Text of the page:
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Kamedo2
post Dec 9 2013, 12:45
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QUOTE (IgorC @ Dec 9 2013, 05:02) *
QUOTE (Kamedo2 @ Dec 8 2013, 15:30) *
I think we should increase the number of samples. More samples leads to more statistically valid results.
And I think we should choose the samples so that the average bitrate of the samples tested, and average bitrate of albums, is roughly equal, like I did;
http://www.hydrogenaudio.org/forums/index....howtopic=100896
If the average bitrate of albums is 96k and the average bitrate of tested samples is 144k, the corpus is overrepresented by critical samples.

More than 20 samples? hm, maybe, I don't know.
20 is already enough high number. During the last we've waited a little bit more than month to get enough results.


What do other think about it?

In the last Opus test in 2011, the contributors submitted 531 valid results, but there were only 30 samples. (17.7 results/sample)
http://listening-tests.hydrogenaudio.org/igorc/results.html
This is not the most efficient use of the effort. The number of sample, 30, is the statistical bottleneck that hinders to draw even more conclusions.
I recommend the number of samples by this formula: 4*sqrt(expected number of valid results/4)
By this, donators are putting 50% of their effort to the overall conclusions, while remaining 50% of their effort to accurately measure the quality of one sample, which helps developers.
The value used in overall conclusion is about 2x more accurate than the average quality of one sample.

In the last AAC 96kbps, there were 280 results, so if we were to expect the same number of contributes, 33 is the proposed number of samples.

This post has been edited by Kamedo2: Dec 9 2013, 13:37
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Gecko
post Dec 9 2013, 13:35
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Instead of asking for the desired codecs, I'd like to ask the following: "Which questions would you like answered by the listening test?"

I'm having a hard time coming up with any relevant questions which could be answered by a 96k or 80k multi-codec test, but that's just me. What about you guys? Are any of you using these codecs at these bitrates?

As far as I'm concerned, the most interesting questions revolve around Opus. All of the other codecs seem mature. libfdk may also be interesting, but I hardly know anything about it.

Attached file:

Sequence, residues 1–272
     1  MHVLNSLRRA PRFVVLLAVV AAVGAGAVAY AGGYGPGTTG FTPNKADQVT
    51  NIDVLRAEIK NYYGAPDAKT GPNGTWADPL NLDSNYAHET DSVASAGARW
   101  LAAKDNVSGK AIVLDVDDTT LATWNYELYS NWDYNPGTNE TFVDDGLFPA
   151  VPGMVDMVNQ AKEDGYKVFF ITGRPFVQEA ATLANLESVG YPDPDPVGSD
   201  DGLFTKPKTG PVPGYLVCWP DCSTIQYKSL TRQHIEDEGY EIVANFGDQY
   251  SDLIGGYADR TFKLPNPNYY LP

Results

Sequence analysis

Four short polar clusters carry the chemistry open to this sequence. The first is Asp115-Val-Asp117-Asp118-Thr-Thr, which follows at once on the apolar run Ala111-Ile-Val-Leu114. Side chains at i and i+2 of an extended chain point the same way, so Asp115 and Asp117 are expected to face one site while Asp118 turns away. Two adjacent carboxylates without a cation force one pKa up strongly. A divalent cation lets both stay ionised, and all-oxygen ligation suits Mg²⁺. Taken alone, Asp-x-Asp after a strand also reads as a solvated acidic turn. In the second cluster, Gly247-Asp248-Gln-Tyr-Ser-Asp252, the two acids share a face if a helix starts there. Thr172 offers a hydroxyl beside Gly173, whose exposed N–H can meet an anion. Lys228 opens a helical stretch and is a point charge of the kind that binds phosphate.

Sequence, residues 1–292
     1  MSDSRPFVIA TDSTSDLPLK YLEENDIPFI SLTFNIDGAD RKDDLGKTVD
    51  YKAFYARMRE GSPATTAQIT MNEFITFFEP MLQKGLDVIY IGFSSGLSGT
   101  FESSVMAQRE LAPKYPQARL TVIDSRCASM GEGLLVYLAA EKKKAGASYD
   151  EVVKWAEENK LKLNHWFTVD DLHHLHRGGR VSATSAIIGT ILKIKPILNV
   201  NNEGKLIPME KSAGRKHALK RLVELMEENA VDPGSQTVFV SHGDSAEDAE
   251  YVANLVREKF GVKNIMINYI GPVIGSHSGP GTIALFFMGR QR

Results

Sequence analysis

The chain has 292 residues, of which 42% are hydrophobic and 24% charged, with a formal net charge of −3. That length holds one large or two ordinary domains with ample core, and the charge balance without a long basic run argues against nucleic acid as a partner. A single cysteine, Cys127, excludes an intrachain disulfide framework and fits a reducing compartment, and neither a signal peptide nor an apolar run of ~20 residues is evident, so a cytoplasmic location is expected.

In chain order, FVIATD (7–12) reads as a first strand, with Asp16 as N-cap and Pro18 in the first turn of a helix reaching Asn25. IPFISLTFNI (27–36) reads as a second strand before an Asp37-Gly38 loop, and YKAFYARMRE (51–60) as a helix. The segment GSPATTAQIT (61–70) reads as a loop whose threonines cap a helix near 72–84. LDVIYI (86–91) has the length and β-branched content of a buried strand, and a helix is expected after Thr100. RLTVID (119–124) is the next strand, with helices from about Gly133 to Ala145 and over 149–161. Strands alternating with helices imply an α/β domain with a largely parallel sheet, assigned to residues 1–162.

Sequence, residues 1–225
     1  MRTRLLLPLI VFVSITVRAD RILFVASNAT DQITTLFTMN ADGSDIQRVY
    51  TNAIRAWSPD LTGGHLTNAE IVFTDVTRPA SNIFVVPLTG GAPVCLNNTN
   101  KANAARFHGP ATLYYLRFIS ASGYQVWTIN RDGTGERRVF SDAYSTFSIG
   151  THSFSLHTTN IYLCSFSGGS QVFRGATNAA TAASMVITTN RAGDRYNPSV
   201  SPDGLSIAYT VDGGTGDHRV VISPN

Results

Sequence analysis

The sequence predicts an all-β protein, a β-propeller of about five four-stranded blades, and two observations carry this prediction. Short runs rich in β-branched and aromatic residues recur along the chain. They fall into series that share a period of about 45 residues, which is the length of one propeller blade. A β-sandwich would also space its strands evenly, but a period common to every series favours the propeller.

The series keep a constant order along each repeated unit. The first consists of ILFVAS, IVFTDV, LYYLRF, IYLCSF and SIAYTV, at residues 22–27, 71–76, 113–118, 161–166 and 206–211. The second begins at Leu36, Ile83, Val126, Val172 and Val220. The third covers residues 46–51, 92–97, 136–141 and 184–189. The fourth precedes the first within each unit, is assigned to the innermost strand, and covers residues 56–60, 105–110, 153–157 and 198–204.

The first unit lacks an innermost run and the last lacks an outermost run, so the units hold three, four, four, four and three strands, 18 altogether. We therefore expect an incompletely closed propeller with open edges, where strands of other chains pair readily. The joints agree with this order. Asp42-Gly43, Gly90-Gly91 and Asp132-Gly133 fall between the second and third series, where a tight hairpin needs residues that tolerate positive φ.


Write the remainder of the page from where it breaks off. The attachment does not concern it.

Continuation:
"Can Opus be considered (pretty much) transparent (most of the time) and at what bitrate?"
"How much has Opus 1.1 improved over older versions?" (e.g. the ones used in http://www.ietf.org/proceedings/80/slides/codec-4.pdf)
"As an online-radio station, should I replace my 64k ACCP stream with Opus?" (If this is even currently possible)
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Garf
post Dec 9 2013, 13:36
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QUOTE (C.R.Helmrich @ Dec 9 2013, 11:20) *
QUOTE
If the FhG guys want to submit a codec... Or are the FhG encoders available elsewhere?)

Why would Fraunhofer want to submit a codec? The codec is already out there, you guys decide whether it should be in the test.
The codec has long been available in e.g. some Magix, Sonnox, or Sony software. They should contain the same version as Winamp, especially the Sonnox plug-in. Or are you asking for free-of-charge software?

We can buy the encoder, that's not the problem. But I'm wondering where to get the latest and greatest since that's not so obvious from my side. If the Winamp encoder in whatever the latest Winamp release was is current, that's great.

Are there relevant differences between the libfdk_aac that you sold to Google and this encoder?
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Garf
post Dec 9 2013, 13:58
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QUOTE (Gecko @ Dec 9 2013, 13:35) *
Instead of asking for the desired codecs, I'd like to ask the following: "Which questions would you like answered by the listening test?"

I'm having a hard time coming up with any relevant questions which could be answered by a 96k or 80k multi-codec test, but that's just me. What about you guys? Are any of you using these codecs at these bitrates?


Spotify currently streams to mobile devices at 96kbps. There is supposed to be a re-launch of their mobile stuff with free streaming this week, BTW.

Realistically most applications are using even higher bitrates nowadays but they are likely pointless to test. YouTube used 96kbps for many videos, but switched to 128kbps a year or so ago. 80kbps stereo means about 256kbps for 5.1 audio which I also use. But such results aren't directly comparable.

You could say 96kbps is the highest bitrate where we still expect to be able to detect differences between codecs.

QUOTE
I totally agree. Is there no interest in lower bit-rates? 48 kbps perhaps?